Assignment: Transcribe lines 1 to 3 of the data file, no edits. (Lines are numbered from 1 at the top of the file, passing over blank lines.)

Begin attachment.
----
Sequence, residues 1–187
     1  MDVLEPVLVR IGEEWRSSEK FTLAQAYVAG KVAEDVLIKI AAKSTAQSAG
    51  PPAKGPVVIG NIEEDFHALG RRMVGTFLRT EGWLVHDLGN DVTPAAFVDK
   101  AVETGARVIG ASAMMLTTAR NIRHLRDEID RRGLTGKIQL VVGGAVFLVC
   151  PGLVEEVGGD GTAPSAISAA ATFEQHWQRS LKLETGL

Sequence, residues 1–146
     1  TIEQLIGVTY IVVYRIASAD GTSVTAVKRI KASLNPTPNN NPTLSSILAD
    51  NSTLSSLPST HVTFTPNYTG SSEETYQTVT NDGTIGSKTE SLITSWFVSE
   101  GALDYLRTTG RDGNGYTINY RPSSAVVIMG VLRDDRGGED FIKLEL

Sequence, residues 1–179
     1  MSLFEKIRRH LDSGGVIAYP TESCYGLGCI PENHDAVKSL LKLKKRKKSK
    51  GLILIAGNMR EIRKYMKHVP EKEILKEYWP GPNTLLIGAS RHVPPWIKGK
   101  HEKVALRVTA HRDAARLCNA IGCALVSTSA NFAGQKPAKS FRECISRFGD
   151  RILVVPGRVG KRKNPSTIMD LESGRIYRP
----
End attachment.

Sequence, residues 1–187
     1  MDVLEPVLVR IGEEWRSSEK FTLAQAYVAG KVAEDVLIKI AAKSTAQSAG
    51  PPAKGPVVIG NIEEDFHALG RRMVGTFLRT EGWLVHDLGN DVTPAAFVDK